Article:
1. Structure and support are key. Set up a solid daily and weekly routine as a starting point. You may need to adjust it many times, but begin with a strong plan. It is easy to get sidetracked, so do your best to stick to the plan. Set aside focused time each day for academic work. Find a good place to work with your child where you can both be comfortable. If you are feeling overwhelmed, consider consulting with one of Oak Meadow’s experienced teachers, enrolling in our distance-learning program, using a tutor, or asking an experienced friend for help.
  1. Be resourceful and independent. Reach out to others. Make friends with your local librarian; it’s a great way to find out what resources are available and connect with other homeschooling families or groups in the area. Explore online resources. Oak Meadow’s social media offerings are a good place to start. Our Pinterest boards offer many inspiring hands-on ideas, and Facebook is a great place to connect with other homeschooling parents and find validation for this journey. There are many online groups for homeschooling parents. Seek support from like-minded people wherever you find it.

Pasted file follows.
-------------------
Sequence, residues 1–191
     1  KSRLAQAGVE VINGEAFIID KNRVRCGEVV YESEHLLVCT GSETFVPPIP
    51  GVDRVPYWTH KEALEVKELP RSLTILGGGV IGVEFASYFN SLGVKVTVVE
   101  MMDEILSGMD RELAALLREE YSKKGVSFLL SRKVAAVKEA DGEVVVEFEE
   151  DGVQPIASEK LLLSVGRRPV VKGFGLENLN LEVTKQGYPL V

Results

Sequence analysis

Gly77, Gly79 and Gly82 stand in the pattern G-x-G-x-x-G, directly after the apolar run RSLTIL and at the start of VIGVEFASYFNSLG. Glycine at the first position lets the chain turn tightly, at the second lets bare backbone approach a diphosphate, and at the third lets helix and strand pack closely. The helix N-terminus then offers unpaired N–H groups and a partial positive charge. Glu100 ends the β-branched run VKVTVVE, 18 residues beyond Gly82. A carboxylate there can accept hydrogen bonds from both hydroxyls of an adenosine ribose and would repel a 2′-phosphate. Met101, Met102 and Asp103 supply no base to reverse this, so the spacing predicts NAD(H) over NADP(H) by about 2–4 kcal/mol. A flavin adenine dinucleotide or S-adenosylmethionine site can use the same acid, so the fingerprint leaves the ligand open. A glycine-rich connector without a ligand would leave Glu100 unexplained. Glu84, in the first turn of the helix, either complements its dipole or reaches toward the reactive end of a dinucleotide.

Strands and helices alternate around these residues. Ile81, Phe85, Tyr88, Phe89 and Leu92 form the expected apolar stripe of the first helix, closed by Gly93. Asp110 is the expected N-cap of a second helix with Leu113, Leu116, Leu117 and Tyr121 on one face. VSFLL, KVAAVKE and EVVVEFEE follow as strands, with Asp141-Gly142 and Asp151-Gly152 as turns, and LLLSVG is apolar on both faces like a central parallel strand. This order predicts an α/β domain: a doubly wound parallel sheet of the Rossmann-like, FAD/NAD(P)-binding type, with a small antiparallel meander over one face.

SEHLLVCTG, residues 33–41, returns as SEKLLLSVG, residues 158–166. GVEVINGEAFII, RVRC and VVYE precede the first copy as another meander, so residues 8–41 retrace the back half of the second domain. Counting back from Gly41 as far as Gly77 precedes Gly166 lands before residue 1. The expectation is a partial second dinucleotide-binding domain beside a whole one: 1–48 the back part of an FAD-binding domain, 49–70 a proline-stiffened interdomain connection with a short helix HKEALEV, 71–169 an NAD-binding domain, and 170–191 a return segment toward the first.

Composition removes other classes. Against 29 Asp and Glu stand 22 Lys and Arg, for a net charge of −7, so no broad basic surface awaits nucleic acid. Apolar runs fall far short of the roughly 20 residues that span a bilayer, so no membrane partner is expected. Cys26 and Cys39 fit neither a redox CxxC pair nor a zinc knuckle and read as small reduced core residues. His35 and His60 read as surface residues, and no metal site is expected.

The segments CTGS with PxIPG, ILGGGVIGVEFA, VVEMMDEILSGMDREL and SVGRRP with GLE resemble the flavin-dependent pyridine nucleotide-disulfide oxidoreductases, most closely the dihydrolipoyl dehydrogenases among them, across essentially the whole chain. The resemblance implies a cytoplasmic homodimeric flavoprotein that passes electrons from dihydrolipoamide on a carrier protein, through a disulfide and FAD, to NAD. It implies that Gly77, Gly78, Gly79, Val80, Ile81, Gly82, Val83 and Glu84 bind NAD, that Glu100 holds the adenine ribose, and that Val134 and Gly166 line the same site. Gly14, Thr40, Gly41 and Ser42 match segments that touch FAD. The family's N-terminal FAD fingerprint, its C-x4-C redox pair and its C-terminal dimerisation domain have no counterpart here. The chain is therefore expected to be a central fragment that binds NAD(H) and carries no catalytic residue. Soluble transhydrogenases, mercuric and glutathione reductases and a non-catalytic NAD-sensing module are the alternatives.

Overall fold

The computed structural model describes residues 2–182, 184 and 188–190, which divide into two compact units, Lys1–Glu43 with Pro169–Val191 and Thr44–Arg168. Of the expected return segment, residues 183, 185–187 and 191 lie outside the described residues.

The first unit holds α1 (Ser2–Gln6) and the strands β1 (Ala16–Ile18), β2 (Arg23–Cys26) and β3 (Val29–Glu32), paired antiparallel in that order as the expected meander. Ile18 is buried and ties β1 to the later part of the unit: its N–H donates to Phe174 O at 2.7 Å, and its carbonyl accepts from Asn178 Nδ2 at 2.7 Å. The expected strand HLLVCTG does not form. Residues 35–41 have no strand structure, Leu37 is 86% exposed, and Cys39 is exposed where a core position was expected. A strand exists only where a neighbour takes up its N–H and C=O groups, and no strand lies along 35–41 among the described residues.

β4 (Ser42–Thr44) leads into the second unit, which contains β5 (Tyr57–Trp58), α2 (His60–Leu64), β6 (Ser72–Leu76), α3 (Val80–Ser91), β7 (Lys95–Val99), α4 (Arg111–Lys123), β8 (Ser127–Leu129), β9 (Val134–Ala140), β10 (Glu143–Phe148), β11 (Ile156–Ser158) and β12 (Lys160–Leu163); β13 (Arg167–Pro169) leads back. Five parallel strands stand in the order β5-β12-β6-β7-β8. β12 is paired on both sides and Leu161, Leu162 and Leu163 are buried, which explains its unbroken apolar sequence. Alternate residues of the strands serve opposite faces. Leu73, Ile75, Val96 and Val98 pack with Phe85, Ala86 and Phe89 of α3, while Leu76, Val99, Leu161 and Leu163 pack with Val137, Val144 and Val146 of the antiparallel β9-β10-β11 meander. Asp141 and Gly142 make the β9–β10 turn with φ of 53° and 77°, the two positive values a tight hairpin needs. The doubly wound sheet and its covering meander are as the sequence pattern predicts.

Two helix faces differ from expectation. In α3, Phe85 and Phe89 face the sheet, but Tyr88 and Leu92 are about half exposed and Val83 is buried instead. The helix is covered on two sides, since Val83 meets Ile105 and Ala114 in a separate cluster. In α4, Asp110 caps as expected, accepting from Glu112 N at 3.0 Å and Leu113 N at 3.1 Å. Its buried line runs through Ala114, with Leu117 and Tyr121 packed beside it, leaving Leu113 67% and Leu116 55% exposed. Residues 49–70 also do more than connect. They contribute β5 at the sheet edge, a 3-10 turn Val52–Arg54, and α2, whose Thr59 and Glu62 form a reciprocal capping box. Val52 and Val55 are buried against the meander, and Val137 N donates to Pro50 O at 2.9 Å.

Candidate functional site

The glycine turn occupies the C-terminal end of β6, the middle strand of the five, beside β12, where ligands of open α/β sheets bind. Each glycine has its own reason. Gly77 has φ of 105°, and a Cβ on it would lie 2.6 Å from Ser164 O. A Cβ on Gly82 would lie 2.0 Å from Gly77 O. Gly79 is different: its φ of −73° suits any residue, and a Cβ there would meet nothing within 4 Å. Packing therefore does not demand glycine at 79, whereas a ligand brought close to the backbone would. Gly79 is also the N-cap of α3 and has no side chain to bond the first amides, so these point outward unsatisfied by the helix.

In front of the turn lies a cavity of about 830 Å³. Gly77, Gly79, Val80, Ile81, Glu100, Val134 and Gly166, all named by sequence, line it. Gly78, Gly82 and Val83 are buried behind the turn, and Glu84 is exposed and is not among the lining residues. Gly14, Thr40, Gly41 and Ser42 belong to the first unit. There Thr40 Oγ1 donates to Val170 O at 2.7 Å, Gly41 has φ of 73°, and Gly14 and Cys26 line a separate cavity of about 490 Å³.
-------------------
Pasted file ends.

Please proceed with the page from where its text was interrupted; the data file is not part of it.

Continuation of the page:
1. Go outside! Oak Meadow’s organic approach to learning encourages families to learn out in the world. This means spending plenty of time outside in nature and interacting with others in your local neighborhood or community. Fresh air and the soothing sights and sounds of nature are a good antidote for stress of any kind, including the positive stress of the important transition from school to homeschool. Schools tend to be very social places, and you will want to be mindful of how your child’s needs for social interaction are met while homeschooling. You might find this benefits you as well as your child.